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Opinion | Big utility companies want to limit options for Michigan customers

Rooftop solar has huge potential to lower electricity costs, foster energy independence for homeowners, small businesses and low-income communities and reduce dangerous pollution from dirty energy plants. Highland Park, where I live, could achieve energy independence through rooftop solar alone.

Big utility companies, like DTE Energy, clearly recognize the enormous potential of solar and that’s why they want to control it, instead of letting communities harmed by high costs, pollution and poor service generate their own power.

A recent guest column by a DTE-backed group cynically named “Michigan Energy Promise” spreads misinformation regarding solar energy. Behind the distortions and scare tactics is a hidden agenda to control this emerging market so big utility companies can maximize profits at the expense of ratepayers.

Related article: Opinion | Solar lobbyists seek subsidies at expense of low-income Michiganders

Who is Michigan Energy Promise?

Michigan Energy Promise is the latest incarnation of DTE dark money group Michigan Energy First, according to the Michigan Department of Licensing and Regulatory Affairs. DTE officials Renze Hoeksema, vice president of corporate and government affairs, and Theresa Uzenski, manager of regulatory strategy and accounting, are officers of the group. Well-known campaign finance attorney Eric Doster, who has created many other dark money groups, is secretary. The organization has deep pockets, taking in $15 million in contributions in 2017, according to public tax forms.

From unjust rate hikes to outright assaults on community solar, which is the best opportunity for low-income communities to benefit from clean energy, DTE has shown its true agenda: absolute and unchallenged control of Michigan’s energy market.

DTE also wants to distract consumers from the fact that Michigan has the highest electricity costs in the Midwest with some of the worst utility performance, according to independent experts. In response, thousands of Michigan residents have made decisions to invest in clean, renewable energy to help lower their high electricity costs, promote cleaner air and water and reduce dangerous pollution. Unfortunately, DTE’s policies, practices and lobbying are keeping it out of the hands of low-income people who need it most.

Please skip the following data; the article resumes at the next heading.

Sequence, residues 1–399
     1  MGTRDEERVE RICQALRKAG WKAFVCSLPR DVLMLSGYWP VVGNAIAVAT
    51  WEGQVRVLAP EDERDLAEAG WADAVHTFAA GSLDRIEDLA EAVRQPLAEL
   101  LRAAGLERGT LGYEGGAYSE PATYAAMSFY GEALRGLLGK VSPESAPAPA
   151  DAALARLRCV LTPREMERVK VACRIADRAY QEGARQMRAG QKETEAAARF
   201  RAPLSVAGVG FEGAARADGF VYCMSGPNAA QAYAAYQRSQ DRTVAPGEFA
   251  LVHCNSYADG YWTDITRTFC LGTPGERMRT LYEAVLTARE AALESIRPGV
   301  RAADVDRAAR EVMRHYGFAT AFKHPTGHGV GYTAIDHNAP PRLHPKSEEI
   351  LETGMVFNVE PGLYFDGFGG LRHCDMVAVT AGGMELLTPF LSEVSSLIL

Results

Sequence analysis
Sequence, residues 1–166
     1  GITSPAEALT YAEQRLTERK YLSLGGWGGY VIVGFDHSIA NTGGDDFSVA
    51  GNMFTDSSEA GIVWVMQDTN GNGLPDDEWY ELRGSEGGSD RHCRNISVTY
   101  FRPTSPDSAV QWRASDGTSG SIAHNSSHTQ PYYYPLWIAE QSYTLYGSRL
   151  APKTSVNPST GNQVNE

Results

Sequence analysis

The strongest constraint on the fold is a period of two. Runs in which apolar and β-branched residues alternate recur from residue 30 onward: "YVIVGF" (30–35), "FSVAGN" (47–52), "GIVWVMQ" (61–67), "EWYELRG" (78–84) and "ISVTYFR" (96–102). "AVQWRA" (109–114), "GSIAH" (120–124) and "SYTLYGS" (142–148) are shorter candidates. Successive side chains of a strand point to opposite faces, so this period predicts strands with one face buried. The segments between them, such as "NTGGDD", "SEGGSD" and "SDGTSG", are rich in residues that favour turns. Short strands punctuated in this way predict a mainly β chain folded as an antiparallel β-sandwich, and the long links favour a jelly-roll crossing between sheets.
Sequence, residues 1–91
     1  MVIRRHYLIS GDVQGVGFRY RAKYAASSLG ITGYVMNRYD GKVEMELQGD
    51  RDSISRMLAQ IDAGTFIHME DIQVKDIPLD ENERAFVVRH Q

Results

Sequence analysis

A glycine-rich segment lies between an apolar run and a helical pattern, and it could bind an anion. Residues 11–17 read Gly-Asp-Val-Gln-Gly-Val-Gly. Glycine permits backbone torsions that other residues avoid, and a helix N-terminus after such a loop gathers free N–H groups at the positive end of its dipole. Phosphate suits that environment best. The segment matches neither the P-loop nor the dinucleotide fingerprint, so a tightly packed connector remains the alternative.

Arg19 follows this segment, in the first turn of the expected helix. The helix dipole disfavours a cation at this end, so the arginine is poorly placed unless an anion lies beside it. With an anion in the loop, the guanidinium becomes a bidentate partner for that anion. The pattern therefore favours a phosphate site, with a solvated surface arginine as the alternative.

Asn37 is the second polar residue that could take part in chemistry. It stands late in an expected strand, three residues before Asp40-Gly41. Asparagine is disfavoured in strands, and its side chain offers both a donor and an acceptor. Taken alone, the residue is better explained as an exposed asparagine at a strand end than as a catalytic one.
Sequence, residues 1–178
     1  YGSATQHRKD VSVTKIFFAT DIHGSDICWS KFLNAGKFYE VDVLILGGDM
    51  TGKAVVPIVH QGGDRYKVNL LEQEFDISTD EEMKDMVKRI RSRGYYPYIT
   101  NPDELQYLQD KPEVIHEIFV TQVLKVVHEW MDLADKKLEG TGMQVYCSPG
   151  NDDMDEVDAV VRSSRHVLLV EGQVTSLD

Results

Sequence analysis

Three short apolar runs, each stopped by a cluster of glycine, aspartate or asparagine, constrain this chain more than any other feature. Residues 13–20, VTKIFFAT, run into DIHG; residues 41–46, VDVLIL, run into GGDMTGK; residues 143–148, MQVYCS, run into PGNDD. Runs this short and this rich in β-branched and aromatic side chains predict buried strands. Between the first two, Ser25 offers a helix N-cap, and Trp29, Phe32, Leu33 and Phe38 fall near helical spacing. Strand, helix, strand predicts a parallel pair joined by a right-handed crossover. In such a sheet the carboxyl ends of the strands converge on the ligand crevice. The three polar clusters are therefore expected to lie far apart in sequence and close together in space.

Here’s a fact DTE utility executives don’t mention: Rooftop solar users provide a benefit to the energy grid and help lower all customers’ energy costs, which is good for low-income energy users.

That’s why it’s so sad to see DTE Energy attempt to pit different groups against each other to advance their cynical agenda by falsely claiming that users of rooftop solar are subsidized by the poor.

Solar panels generate the most electricity when the sun shines the brightest, which happens to be the time of day when businesses and residents draw the most energy from the grid and costs are highest. So again, solar power helps mitigate these expensive energy peaks, bringing down costs for everyone. Plus, it is much more affordable to get energy from a neighbor with rooftop solar than a natural gas or coal plant miles away.

DTE’s energy plan should alarm ratepayers across Michigan. It would:

  • First, charge rooftop solar users a huge fee.
  • Second, give them only pennies on the dollar for the energy they generate.
  • Third, after forcing most rooftop customers out of the market, DTE would be left to create a monopoly over solar power, like its monopoly over conventional energy.

One only needs to look at the army of lobbyists DTE uses to maintain its stranglehold and beat back any effort for energy independence to know what Michigan ratepayers are up against.

Soulardarity is among a number of grassroots organizations that have been active at the public service commission advocating on behalf of low-income communities against the rate hike being proposed by DTE Energy that would increase energy costs for those communities and make rooftop solar unaffordable for Michigan families.

It’s time for Michigan ratepayers to raise their voices and tell the Public Service Commission to keep solar energy affordable and accessible for all Michigan residents.  Don’t let big utility rhetoric erode the promise of solar power.

Bridge welcomes guest columns from a diverse range of people on issues relating to Michigan and its future. The views and assertions of these writers do not necessarily reflect those of Bridge or The Center for Michigan. Bridge does not endorse any individual guest commentary submission. If you are interested in submitting a guest commentary, please contact Ron French. Click here for details and submission guidelines.

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